I'm going to do this!

I found this little tutorial on Cheekystitch;I'm totally going to do it. If I have my facts straight, Peter went trunk-hunting for me today and found a good one for $15. We'll see what awaits me when I get home!
P.S. This project may require a trip to Paper Source, which is a reason to get started right away! God, I love that place.


Sweater Contest still in effect...

I'm just not so much in effect! All of a sudden I'm working on a million projects. I'll be back later this week with the latest and possibly greatest entrants.


Day 1: The Contenders

I'm not going to offer any commentary in an attempt to keep neutral. That said, here are the first four entrants in the Contest. Keep 'em coming!


World's Finest Sweater Contest

I know that the fugly sweater meme is pretty much played out; Leslie Hall, et al. But when I came upon these sweaters on a search for "granny style" (part of a future post theme) I couldn't help but post them. I actually like them, in a mostly unironic way, I think (it's so hard to tell anymore...thanks a lot, hipster culture!).
I'm in the mood to mix it up around here. So let's have a contest! Send me comments with links to the most remarkable sweater you can find. I'll post the submissions each day. At the end of next week, we'll vote, and I'll crown a winner, who will receive an appropriate prize.
The sweater you choose doesn't even have to be ugly; it just might have a certain irresistible power. Like Mr. Sun up there.
Let's do this!


I made a bunch of new stuff for Maker Faire, but haven't photographed any of it! My own laziness never ceases to amaze me. I did attempt this big clutch recently; it's pretty cool but could use a zipper.

I'm reorganizing my "studio" in an attempt to make the idea of working more palatable. Unfortunately, it's in that stage called "getting worse before it gets better," a fun zone where I like to leave a lot of projects. How do you power through things when you're feeling lazy?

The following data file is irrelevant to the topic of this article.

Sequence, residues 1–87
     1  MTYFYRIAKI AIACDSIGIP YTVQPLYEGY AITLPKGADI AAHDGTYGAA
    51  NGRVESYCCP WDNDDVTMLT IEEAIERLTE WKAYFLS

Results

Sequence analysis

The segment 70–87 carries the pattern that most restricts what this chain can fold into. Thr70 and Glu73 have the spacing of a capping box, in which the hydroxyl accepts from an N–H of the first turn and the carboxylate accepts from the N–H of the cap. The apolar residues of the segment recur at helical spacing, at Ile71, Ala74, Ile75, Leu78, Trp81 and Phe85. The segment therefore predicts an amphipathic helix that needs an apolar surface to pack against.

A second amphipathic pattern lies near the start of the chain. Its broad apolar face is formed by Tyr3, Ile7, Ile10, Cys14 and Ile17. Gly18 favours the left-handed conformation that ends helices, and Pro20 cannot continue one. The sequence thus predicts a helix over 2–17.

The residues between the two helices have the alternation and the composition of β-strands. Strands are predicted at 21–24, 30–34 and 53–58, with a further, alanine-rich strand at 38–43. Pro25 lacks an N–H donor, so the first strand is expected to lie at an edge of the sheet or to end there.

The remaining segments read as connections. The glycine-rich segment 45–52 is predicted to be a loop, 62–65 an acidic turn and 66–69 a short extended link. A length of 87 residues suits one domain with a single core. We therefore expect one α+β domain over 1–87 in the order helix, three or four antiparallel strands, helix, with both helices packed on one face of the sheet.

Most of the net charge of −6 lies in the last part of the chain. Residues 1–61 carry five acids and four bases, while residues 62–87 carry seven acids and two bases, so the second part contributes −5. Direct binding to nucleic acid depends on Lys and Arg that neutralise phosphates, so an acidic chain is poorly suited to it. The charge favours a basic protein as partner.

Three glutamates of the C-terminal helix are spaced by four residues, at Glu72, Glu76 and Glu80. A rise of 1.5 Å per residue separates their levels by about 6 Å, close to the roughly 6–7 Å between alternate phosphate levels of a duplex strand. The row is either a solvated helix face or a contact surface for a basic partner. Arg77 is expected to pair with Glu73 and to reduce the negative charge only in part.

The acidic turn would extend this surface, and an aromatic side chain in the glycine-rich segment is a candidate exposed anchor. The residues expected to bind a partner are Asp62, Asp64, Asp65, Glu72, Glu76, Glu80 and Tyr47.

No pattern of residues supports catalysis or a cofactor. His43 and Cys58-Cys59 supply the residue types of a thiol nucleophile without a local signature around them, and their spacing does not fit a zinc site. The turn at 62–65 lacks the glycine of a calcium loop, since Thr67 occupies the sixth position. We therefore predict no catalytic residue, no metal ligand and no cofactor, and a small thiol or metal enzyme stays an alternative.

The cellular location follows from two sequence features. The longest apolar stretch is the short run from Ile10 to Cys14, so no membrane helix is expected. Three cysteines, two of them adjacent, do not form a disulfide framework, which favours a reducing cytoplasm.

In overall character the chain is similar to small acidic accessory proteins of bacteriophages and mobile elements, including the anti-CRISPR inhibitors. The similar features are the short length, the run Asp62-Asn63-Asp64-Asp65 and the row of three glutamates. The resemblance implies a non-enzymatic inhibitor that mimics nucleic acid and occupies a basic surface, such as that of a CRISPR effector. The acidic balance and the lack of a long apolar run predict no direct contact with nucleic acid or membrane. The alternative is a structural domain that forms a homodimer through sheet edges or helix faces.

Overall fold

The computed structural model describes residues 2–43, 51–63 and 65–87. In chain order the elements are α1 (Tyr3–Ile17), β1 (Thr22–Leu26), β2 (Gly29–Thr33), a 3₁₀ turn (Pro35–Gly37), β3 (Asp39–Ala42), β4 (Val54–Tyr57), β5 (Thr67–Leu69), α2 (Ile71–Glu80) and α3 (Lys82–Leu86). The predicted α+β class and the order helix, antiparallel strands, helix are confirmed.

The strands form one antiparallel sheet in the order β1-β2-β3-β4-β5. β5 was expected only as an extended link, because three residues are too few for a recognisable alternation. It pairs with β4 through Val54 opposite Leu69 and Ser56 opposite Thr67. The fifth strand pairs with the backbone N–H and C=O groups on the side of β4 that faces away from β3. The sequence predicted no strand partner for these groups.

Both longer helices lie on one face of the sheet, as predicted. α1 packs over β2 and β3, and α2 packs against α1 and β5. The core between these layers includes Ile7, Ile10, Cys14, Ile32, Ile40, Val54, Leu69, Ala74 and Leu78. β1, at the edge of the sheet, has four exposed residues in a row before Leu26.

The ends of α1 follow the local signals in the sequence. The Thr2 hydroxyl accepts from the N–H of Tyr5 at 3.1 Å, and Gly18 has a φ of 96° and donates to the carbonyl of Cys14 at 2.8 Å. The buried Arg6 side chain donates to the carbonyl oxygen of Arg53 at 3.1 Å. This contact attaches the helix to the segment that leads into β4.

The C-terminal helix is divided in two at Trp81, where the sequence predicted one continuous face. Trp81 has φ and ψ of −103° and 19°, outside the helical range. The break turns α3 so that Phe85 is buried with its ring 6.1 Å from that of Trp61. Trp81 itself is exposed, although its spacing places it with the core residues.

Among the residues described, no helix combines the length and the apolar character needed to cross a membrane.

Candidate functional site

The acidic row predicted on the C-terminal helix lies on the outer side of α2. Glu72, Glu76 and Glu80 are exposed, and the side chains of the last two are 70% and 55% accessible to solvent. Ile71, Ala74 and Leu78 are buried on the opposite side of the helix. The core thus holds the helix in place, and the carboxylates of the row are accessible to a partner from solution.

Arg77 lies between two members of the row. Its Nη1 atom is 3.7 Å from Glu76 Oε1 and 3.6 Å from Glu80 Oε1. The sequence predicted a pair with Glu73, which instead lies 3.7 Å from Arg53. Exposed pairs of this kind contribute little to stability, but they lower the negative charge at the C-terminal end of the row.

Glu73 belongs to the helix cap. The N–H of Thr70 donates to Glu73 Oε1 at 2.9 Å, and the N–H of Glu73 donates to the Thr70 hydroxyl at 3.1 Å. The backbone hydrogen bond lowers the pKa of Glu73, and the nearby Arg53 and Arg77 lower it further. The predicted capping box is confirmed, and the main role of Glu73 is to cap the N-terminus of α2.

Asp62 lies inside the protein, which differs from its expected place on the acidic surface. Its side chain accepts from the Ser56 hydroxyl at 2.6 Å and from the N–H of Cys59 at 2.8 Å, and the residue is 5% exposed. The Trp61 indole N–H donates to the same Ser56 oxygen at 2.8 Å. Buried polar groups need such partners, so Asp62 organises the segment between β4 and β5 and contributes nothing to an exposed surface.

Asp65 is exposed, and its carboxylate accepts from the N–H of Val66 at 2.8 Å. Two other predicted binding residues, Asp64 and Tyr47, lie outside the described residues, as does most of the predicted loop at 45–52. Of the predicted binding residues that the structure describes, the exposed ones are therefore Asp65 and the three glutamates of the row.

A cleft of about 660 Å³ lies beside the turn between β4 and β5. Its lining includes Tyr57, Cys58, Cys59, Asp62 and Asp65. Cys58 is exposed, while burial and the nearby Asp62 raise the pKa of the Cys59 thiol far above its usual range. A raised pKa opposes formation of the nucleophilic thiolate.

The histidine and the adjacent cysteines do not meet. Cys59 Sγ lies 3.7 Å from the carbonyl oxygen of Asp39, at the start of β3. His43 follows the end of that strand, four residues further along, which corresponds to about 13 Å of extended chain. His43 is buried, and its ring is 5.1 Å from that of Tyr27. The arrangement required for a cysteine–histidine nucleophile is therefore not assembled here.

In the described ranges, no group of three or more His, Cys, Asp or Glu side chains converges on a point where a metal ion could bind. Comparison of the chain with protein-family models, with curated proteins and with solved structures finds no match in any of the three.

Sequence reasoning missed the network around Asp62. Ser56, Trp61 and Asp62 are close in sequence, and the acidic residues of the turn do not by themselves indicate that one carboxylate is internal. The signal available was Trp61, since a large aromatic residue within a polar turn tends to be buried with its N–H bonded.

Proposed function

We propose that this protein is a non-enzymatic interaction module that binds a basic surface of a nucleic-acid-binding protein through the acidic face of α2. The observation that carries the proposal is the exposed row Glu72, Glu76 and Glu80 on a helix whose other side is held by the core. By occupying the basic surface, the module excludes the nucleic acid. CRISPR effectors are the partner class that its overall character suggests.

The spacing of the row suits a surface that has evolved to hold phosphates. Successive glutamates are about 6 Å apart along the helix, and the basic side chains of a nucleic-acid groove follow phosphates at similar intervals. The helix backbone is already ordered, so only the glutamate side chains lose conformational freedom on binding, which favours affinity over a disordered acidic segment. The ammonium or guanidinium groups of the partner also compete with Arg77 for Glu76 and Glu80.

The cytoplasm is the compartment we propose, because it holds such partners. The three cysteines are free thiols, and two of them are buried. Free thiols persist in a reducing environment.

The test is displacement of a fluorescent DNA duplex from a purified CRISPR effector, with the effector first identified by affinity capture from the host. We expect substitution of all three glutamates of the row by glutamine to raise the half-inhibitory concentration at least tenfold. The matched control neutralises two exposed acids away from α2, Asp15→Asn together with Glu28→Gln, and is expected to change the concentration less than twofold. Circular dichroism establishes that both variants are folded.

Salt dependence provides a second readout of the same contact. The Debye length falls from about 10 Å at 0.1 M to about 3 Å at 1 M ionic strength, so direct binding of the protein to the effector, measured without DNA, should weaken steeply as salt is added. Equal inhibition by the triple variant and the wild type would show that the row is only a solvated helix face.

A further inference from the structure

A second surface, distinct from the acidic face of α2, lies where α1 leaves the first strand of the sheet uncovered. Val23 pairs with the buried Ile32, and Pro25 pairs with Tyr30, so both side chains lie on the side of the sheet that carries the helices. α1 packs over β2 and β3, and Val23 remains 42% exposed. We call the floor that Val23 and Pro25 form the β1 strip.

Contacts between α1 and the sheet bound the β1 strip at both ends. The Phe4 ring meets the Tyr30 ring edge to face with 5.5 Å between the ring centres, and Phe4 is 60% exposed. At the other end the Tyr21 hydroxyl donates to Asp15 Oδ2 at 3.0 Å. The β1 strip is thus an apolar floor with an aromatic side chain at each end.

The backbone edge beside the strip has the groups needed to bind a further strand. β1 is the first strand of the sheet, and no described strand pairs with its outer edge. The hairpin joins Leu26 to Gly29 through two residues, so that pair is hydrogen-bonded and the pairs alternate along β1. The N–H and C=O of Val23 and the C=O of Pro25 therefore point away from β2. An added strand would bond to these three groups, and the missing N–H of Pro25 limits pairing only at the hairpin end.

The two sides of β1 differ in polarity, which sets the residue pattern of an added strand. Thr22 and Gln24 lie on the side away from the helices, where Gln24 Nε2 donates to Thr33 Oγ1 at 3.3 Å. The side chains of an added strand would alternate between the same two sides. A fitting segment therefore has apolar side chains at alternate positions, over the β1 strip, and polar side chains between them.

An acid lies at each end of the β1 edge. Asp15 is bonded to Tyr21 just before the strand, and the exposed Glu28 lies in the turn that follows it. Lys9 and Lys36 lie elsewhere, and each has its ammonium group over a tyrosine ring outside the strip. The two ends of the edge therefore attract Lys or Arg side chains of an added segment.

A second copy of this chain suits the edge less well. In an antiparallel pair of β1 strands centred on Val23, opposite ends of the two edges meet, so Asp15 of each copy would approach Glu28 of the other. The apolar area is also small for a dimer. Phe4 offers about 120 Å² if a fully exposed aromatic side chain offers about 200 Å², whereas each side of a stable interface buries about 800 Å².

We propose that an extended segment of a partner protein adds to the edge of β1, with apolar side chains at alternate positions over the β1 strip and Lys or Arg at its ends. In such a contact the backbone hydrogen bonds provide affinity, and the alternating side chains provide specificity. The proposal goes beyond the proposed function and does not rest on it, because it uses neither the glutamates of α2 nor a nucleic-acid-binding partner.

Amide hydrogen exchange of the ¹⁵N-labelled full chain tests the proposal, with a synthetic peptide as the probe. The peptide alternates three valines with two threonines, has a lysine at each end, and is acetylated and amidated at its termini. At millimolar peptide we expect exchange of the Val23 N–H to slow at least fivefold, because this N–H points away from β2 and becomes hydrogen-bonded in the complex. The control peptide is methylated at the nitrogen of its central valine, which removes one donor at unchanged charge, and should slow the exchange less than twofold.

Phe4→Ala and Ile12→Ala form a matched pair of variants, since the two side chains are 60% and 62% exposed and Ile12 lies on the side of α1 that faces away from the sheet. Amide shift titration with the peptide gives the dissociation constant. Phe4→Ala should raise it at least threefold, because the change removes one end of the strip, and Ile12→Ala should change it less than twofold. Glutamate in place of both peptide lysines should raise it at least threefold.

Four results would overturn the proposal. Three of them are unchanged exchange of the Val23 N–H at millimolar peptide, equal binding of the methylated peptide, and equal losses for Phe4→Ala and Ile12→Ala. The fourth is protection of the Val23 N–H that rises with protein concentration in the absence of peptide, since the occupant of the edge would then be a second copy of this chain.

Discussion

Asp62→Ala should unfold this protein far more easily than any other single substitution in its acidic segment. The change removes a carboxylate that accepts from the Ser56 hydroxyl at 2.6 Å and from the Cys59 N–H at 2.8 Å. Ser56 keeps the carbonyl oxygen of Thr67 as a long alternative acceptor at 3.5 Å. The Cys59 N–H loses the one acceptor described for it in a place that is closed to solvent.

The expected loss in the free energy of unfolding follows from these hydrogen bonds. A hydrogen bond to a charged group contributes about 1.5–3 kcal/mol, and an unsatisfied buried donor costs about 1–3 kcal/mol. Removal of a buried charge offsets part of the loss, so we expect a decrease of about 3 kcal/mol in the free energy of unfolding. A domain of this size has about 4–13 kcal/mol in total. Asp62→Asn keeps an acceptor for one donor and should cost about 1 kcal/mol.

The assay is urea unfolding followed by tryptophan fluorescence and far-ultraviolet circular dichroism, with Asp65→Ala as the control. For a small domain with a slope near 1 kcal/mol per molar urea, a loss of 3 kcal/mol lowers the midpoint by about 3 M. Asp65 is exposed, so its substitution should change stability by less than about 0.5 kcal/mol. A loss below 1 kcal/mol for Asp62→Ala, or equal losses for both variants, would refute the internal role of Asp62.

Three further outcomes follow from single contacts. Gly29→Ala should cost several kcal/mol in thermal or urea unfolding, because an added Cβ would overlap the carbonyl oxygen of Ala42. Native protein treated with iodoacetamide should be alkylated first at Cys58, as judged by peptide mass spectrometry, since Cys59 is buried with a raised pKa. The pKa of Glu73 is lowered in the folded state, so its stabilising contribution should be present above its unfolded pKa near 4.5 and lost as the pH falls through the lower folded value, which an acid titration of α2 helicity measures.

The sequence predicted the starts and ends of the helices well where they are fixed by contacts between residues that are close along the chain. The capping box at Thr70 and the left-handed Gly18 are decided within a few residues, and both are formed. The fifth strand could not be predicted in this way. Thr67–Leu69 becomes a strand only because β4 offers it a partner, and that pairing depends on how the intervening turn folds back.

Leisure time!

Let's start things off with a bang! Shop window, Dunsmuir, CA.

Why is there a melted Peep in the middle of the forest?

A tiny egg.

Living the dream.



A moth's last hurrah.

No explanation necessary.

Mt. Shasta

Fresh and delicious.


Goin' Camping

Tomorrow I'm going camping! I've never been the instigator of a camping trip before, just gone along for the ride, so it will be an adventure. So far I have a borrowed tent, sleeping bags, and those wire sticks that hold marshmallows. That ought to do it, right?
Just keeeding! I'm hitting up Big 5 after work tonight to pick up all the essentials. We'll be staying at Castle Crags State Park (which may not exist after Gov. Schwarzenegger is finished with the Cali budget...sheesh!) near Mount Shasta. I really love Northern Northern California, and I'm excited to do some hardcore chilling and possibly some river dippin'. Quick and important questions for y'all, though:
In order of importance...
1. Will a bear be able to smell my beeswax hair product from outside the tent while I am sleeping?
2. Do you have any easy camp recipes you're willing to share?


I came home from my visit to my parents' house to discover that Peter had bought me a gigantic box of craft supplies, clearly from someone's deceased grandmother. It included crochet needles of all sizes, tons of beads, felt, vintage hankies, and clothespins. So naturally, I looked up "clothespin dolls." This is the first thing I found.

How can I top this? Is there even any point? My heart is swelling with cute.

The site is all in Japanese and I can't tell if these dollies are still for sale, but check it out. Damn. I mean, damn.

Mmmm, Mamety...

I haven't read/seen all of David Mamet's plays, but the films I've seen written by him seem to follow this formula: semi-innocent guy gets mostly screwed by the hands that feed him; psychological turmoil ensues. These include last year's Redbelt, Glengarry Glen Ross, and the Spanish Prisoner, which we watched on Netflix last night. I really liked this movie and wanted Peter to see it, but I had forgotten about one thing: the overwhelmingly leaden performance by Mamet's wife, Rebecca Pidgeon.

Google searches weren't de rigeur in 1997 when I first saw this movie and was blown away by Ms. Pidgeon's bizarre acting choices, but now that I have the world's opinions at my fingertips, I decided to see what other folks had to say.

From my Google search for "Rebecca Pidgeon BAD actress," I snaked this commentary from Fametracker.com;

Most people aren't sure whether Rebecca Pidgeon, wife to David Mamet, is a good
or bad actress, because they've only seen her in Mamet films. She shows up on
cue to speak robotically like Actresstron 3000. The truth, though, is that she's
performing perfectly. Mamet, who's famously wary of actorly flourishes, wishes
that all his actors spoke that way.
From my Google search for "Rebecca Pidgeon WORST actress," I got this: